William Mulhall


    William Mulhall has built up a major international reputation as an innovative and dynamic artist. He is the first rock ‘n’ roll artist.” I was born within an earshot of a jukebox. I was raised on rock and roll”. He draws inspiration from the life of music bars, rock concerts and nightclub s of modern Ireland.Mulhall’s artistic world is populated with rock stars and party girls, dancing their lives away in neon drenched night town. But Mulhall is careful not to copy the lifestyle of his characters. “If I was to party like the characters in my pictures, I’d have been dead long ago. Those guys never stop.”

    Mulhall uses vibrant colours in his work to depict the modern world and has found that is only recently that his palette has found acceptance.”I have been exploiting colour for more than 30 years but there was quite a big resistance to colour. However, the trend now seems to be changing.” As the real world changes to become more like Mulhall painting so the artist himself works hard to keep ahead of the trend pionerred.”My work continually surprises me. I am always trying to break boundaries and move forward in direction.”

    Mulhall unique vision is all the more extraordinary considering that he was born in the middle of Ardglass, Co Down. “Northern Ireland is very traditional and people generally like traditional paintings such as landscapes. Other artist already do that well, so I thought I would break the mould and go for my own style.” Even so, like fellow Northern Ireland artist Van Morrison has broken through and stands outside his own society, commenting on it through his art.”Van Morrison used to come into my mothers shop to buy sweets when we were kids. We used to hang around in Coney Island. I painted it and he wrote a song about it.

    Mulhall first came to prominence in 1971 when he was asked by Jim Aiken to design a poster for a gig at the Ulster hall by British Rock group Led Zeppelin. William’s poster depicts the band appearing in the sky above the Harland and Wolff shipyard. Their trademark Zeppelin is shown crashing through the Belfast docklands.Led Zeppelin. were so impressed with his work Mulhall was invited to watch the gig on stage with the band on March 5th 1971. “When I met them, they were still shy lads. They asked me to come along and sit up on the stage.” He chatted with Led Zeppelin. between numbers and saw, along with other fans at the gig, the world premiere of the now classic Led Zeppelin. rock song “Stairway to Heaven”. “All of a sudden they were folky and I was there, I was on the high altar.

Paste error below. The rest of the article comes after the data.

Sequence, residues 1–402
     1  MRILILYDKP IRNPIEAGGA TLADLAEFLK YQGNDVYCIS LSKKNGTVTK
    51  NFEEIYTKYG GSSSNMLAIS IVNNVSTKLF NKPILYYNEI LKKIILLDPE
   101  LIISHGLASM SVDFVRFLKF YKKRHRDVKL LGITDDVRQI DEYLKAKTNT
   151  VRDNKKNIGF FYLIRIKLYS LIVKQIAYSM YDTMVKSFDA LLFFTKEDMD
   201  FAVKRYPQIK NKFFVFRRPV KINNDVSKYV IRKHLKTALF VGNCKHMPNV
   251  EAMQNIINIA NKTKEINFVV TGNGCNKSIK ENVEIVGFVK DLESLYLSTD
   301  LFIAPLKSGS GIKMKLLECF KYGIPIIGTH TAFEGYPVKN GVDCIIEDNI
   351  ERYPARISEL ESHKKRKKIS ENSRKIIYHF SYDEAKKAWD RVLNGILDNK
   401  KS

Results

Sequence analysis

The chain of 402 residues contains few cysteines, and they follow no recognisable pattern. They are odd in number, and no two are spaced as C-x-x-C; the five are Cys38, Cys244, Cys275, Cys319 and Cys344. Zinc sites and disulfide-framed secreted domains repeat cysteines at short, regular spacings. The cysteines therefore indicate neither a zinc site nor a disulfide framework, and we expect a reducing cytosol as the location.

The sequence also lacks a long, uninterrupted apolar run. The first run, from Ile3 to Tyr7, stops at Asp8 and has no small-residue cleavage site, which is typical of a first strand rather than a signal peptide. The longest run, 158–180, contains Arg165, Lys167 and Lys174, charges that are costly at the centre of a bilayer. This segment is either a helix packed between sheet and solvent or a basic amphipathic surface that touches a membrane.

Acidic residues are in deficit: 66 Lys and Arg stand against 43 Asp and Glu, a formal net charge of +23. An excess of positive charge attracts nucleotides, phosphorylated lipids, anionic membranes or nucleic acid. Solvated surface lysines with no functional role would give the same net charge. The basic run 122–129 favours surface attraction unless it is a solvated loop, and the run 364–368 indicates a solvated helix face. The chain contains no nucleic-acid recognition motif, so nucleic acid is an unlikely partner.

Recently, Mulhall has moved into new territory with his portrait from noble Prizewinner Seamus Heaney. Mulhall met Heaney at his home in Dublin and the two hit it off at once.”Heaney is a Northern man like me and there is a common link through the Northern experience.” The painting now hangs in the University of Pennsylvania, USA.Mulhall has just completed a series of portraits from life of Bob Dylan at 60 after spending the afternoon backstage with the reclusive music legend at his recent concert in Kilkenny.

    Illustrated, feature articles on his life and art have appeared in Moro, Guitarist, NME, Hot press, in Dublin, The Sunday Tribune, Business Plus and New York art guide. A major interview with Mulhall in discussion with Brian Lally was broadcast on RTE Radio 1’s flagship Arts Show Rattlebag in August 2001.

    Material courtesy of Mojo Magazine & the New York art guide,2001

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